Two main findings were seen in the current study: 1) PD patients with post-diagnostic depression were associated with significantly higher risks of dementia and were also older at the time of PD diagnosis than PD patients with pre-diagnostic depression; 2) mortality, accidental injury, motor condition and severity of depression revealed no significant difference between PD patients with pre-diagnostic and post-diagnostic depression.

Cognitive deficits may occur as a form of global cognitive decline or as an impairment of specific cognitive domains in depressed PD patients. For example, some studies found higher depression scores to be negatively correlated with lower scores on the Mini Mental State Examination (MMSE) [7]. Deficits of specific cognitive domains mainly involved impairment of executive functions, attention and memory [7]. In our study, PD patients with post-diagnostic depression had a significantly higher occurrence of dementia. This could possibly be explained by different spreading routes and older age. Increasing age is a major risk factor for the development of dementia in PD patients; thus the time for dementia development decreases with increasing age at the onset of PD [13].

According to recent studies [1], the possible routes of PD pathology spreading were determined from pathophysiological studies. The proposed concept (based on nonmotor subtypes in PD) comprised the brainstem route, the olfactory-limbic route, and the neocortical route. Characteristics of the brainstem route were late-onset hyposmia, sleep-dominant phenotype (including excessive daytime sleep and rapid eye movement sleep behavior disorder), and dysautonomia (adrenergic problem, gastrointestinal tract, and genitourinary symptoms). The brainstem route was determined through Braak staging of Lewy pathology. The olfactory-limbic route was characterized by early-onset anosmia and a limbic phenotype (which is depression-dominant, fatigue-dominant, pain-dominant, and weight-loss dominant). The neocortical route was characterized by older age of onset and cognitive-dominant phenotypes (dementia, amnestic mild cognitive impairment, and falls with cognitive impairment and apathy). Our results were consistent with the aforementioned finding. PD patients with pre-diagnostic depression and those with post-diagnostic depression appeared to be involved in different developmental routes, which tend to result in different phenotypes. The pathology of pre-diagnostic depression was involved in the caudal raphe nuclei of the brainstem route (Stage II) [14,15]. Post-diagnostic depression appeared to involve the cortical area of the neocortical route. Therefore, in PD patients with post-diagnostic depression, a significantly higher occurrence of dementia may be explained by early involvement in the neocortical area. The present study may suggest that the different developmental routes of pathology resulted in different phenotypes and clinical outcomes.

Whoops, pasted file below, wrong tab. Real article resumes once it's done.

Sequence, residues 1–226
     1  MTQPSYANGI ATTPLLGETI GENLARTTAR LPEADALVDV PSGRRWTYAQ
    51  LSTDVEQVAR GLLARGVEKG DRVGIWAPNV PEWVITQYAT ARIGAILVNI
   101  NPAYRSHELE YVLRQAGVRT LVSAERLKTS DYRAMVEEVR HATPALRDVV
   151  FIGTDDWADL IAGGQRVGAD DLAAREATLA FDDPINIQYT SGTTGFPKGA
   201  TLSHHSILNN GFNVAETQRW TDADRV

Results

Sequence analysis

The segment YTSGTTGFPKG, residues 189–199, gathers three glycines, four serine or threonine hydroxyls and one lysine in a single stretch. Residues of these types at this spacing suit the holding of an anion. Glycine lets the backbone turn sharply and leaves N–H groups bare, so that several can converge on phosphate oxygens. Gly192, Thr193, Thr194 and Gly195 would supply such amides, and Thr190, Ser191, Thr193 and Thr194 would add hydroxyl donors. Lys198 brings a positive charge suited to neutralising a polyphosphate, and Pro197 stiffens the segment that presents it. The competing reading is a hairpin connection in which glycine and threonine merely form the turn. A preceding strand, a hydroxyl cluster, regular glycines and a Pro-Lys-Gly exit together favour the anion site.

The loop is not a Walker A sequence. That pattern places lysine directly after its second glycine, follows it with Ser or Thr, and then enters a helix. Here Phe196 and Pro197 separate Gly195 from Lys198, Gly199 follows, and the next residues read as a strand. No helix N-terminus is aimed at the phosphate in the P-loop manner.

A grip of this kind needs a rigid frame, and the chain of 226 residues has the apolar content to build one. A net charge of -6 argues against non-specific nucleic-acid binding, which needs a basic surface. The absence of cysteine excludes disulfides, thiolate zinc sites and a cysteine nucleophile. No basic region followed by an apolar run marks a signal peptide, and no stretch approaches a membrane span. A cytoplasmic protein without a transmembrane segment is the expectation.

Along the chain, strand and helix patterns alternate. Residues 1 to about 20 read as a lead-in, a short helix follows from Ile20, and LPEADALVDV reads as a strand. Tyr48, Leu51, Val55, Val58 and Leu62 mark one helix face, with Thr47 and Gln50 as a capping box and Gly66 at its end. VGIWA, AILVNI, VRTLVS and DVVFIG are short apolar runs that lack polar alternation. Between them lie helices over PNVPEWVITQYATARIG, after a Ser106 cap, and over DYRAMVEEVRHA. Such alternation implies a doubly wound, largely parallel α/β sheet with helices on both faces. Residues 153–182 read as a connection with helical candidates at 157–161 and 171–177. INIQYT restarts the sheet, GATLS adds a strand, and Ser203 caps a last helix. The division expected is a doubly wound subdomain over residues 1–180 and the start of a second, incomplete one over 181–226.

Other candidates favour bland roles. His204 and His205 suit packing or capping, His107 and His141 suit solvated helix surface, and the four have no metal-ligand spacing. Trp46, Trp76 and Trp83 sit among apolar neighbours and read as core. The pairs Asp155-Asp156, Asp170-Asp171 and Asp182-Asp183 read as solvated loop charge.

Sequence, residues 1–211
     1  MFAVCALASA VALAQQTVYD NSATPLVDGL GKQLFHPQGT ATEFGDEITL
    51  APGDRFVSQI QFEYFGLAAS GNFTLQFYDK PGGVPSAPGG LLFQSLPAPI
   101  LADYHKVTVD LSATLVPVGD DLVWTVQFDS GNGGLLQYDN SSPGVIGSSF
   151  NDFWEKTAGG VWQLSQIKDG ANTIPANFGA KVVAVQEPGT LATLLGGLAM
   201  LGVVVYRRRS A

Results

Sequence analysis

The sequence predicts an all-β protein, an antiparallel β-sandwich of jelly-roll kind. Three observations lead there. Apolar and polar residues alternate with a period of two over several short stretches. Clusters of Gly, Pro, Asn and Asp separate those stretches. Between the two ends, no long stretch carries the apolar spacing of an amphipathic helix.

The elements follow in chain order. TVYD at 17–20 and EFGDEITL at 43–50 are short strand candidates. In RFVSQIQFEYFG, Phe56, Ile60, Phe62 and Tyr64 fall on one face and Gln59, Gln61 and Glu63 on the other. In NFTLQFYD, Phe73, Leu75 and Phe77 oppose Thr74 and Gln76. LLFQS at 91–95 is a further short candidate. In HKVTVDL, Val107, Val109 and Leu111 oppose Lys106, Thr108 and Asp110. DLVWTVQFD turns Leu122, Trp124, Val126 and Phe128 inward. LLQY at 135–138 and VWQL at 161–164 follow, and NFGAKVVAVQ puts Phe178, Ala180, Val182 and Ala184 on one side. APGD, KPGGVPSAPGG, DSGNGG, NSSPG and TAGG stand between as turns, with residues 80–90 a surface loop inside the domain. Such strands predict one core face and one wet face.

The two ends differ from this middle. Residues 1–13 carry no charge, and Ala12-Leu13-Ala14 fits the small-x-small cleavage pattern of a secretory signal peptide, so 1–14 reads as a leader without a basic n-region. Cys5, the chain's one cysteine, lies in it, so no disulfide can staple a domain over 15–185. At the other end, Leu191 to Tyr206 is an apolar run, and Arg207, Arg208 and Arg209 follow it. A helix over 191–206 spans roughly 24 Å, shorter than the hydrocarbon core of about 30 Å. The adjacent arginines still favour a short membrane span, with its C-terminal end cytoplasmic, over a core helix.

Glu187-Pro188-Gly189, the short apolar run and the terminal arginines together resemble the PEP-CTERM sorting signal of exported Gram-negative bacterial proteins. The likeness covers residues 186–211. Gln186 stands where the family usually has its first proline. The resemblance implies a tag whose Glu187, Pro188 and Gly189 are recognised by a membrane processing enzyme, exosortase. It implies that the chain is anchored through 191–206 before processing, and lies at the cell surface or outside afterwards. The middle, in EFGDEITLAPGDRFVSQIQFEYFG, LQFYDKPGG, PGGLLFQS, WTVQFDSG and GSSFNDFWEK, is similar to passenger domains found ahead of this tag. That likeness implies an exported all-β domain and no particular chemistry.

The main advantage of the present study was the use of a nationwide dataset with a large sample size. However, several limitations of the study should be discussed. First, our cross-sectional design demonstrated only associations between the onset of depression and prognosis in PD patients rather than a causal relationship. Second, we could not obtain a clinical review of patient data from NHIRD. As such, we could not completely exclude patients with secondary parkinsonism or atypical parkinsonism, although we exerted great effort to exclude that possibility. Third, information on PD prognoses, such as the Hoehn and Yahr stage, causes of death, cognitive tests of dementia, severity of motor symptoms, and formal autonomic function tests are not available in the NHIRD. Even though, we could not present detailed reports due to ICD code weakness, the trends found in the present study may still provide clinical information. Further population-based prospective studies are needed to better investigate the association between onset of depression and PD prognosis.

Supporting information

S1 File.

Table A. Drugs with high risk of extrapyramidal symptoms. Table B. Diseases with risk of secondary or atypical Parkinsonism. Table C. Potential confounders. Table D. Primary clinical outcomes. Table E. Dose equivalent of anti-depressants to fluoxetine (fluoxetine = 1).

https://doi.org/10.1371/journal.pone.0192050.s001

(DOC)

Acknowledgments

We thank everyone at the Department of Medical Education and Research, of the Taichung Veterans General Hospital, Taichung, Taiwan, for their technical assistance.